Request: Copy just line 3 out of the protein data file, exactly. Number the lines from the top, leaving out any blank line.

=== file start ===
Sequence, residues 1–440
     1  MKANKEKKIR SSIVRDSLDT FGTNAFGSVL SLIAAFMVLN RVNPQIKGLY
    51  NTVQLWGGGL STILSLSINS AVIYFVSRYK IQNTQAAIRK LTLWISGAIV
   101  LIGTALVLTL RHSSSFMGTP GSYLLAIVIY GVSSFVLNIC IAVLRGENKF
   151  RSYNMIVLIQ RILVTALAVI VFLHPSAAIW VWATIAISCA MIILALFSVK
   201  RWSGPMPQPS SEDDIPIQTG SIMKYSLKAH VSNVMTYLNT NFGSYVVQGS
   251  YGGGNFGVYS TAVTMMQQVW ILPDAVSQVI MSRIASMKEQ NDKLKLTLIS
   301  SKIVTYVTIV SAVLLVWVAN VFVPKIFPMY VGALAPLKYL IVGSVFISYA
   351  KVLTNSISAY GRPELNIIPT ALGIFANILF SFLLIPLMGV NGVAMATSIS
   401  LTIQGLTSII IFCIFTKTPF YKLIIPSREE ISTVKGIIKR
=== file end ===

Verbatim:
    51  NTVQLWGGGL STILSLSINS AVIYFVSRYK IQNTQAAIRK LTLWISGAIV